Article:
Nick Roumel's day off

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­The festivities started with me fretting over the window contractor being almost an hour late. Seven (yes seven!) windows in our lake house have spontaneously combusted over the last year or two, resulting in the same spider-web broken glass pattern that had me suspecting vandalism or storm damage. After one burst when I was standing right next to it, I realized something more curious was afoot.

Now you may be wondering why it took me so long to fix the problem. First, I tried my insurance company. Here’s a secret: insurance really doesn’t cover anything. Not my broken windows, not the giant oak that toppled into my yard from the neighbor’s, not the defendant I sued last week. I don’t know if it’s because they know I’m a plaintiff’s lawyer, or because they just like saying “we’ll pay, but you have a $1000 deductible and your rates will still go up even though it’s not your fault.” Whatever the reason, I have pretty much endured a lifetime relationship with insurance companies where the checks only go one way.

Eventually, and fruitlessly, I called numerous window companies. This time the problem was that I erroneously thought my windows were a certain brand that they are not. I would call and give a serial number off the window’s edge, only to be told to go look at it again with a magnifying glass. Then I was told that they have no idea what kind of window it is. Finally one guy came out and diagnosed why they were breaking on their own (something to do with a leaking vacuum seal), but because I had an off brand, he couldn’t help me.

I deduced that I had to call a glass replacement firm, and not a window replacement company. I found a responsive outfit, and the guy who came was nice enough. But when we got around to scheduling the replacement – on my big day off – he discovered many of the windows were cut to the wrong size, so he had to leave early.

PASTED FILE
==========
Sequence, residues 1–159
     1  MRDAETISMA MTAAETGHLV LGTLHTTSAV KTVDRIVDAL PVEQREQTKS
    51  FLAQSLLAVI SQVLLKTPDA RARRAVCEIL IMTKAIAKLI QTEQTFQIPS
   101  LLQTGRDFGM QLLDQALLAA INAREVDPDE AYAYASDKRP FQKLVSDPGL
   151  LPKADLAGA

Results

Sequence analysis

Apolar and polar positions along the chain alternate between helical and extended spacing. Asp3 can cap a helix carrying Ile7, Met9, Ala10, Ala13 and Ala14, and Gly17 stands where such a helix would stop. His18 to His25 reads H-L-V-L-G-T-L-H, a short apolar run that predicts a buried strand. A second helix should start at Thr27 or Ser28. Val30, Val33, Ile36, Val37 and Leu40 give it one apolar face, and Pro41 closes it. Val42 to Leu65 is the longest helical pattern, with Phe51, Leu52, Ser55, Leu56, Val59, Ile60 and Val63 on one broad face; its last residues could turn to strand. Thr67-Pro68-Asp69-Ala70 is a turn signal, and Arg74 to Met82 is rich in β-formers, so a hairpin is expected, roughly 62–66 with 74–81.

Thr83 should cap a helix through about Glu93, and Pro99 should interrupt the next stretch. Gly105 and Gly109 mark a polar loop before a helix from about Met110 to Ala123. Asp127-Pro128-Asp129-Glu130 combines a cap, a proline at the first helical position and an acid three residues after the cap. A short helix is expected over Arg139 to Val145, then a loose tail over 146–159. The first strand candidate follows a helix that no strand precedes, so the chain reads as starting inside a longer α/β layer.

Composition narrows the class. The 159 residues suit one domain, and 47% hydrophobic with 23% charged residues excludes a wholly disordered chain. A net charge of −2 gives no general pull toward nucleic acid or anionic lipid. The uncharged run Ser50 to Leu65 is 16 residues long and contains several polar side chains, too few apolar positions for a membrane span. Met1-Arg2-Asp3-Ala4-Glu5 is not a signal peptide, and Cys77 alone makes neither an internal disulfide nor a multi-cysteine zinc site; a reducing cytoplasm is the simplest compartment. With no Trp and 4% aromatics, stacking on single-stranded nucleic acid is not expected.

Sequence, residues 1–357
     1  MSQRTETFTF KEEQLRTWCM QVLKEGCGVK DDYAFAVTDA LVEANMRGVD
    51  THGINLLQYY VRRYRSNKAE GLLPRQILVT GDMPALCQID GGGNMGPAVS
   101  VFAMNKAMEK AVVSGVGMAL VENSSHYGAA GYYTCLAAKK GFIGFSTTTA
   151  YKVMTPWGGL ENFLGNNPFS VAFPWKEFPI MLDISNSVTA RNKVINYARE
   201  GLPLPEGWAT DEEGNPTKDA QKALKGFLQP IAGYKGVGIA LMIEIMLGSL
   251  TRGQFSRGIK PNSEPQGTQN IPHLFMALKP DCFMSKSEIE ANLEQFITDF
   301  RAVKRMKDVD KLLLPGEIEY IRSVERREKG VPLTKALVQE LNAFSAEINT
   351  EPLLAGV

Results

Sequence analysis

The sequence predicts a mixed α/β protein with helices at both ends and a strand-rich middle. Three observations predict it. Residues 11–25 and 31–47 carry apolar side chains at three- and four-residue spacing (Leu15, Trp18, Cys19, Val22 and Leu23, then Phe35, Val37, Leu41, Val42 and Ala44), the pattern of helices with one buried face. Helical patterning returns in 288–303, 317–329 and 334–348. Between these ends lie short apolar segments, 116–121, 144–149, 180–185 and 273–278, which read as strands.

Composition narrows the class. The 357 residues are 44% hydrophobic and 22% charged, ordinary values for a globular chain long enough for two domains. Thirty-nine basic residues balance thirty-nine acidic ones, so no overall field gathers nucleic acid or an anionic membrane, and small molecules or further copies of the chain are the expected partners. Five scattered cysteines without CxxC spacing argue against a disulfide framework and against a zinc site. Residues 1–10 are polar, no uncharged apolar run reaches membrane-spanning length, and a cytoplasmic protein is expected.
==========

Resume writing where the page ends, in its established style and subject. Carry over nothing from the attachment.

So here I was, with this big day off, only half my windows replaced, enough food for two days, and two giant case files to organize and make discovery plans.

I started with a crossword puzzle, over a soundtrack of ‘70s cassette mix tapes. Finished that in short order, and went to begin another one; but my free trial had run out. It’s not that I’m too cheap to pay for the subscription, but I know full well it’s another distraction I don’t need.

I looked at my case files. They would keep. I went into the kitchen.

I had this recipe for a bizarre sounding coconut-roasted tomato sauce that fell into my inbox. It actually sounded like it might be interesting with fish and rice, or Polynesian pizza. So that’s what I made, and it turned out pretty good. I had to make two changes: I didn’t have ginger, so I substituted dried mango slices. That actually wasn’t bad, and I added some curry powder and cinnamon to tie it together.

Below is the original recipe – it’s quite easy, and you can modify it to your own desires.

Roasted Tomato Coconut Sauce

Amanda Cohen – NY Times

1/4 cup olive oil

1/2 cup chopped onions

1 TBS minced garlic

1 TBS minced ginger

1 tsp red pepper flakes

 zest of one lemon, plus ¼ cup lemon juice

 4 cups roasted tomatoes (I used a 28 oz can of diced San Marzano)

1 131/2 oz. can of coconut milk (I used “Lite”)

1. In a medium pot, heat the oil over medium high heat. Add onion, garlic and ginger and cook, stirring, until the onions are translucent, about 3 minutes. Stir in red pepper flakes and lemon zest, then add tomatoes and coconut milk.

2. Reduce heat to low and cook until mixture just begins to simmer.
Immediately remove from heat and season with lemon juice and salt to taste. Serve over fish, tofu or rice. (I spooned mine over simple grilled tilapia with rice. I added grilled pineapple and red pepper. Yum!)
Don’t forget to fully ignore your case files for the maximum enjoyable experience. Happy Leap Year!

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Nick Roumel is a principal with Nacht & Roumel, PC, a firm in Ann Arbor specializing in employment and civil right litigation. He also has many years of varied restaurant and catering experience, has taught Greek cooking classes, and writes a food/restaurant column for “Current” magazine in Ann Arbor. 

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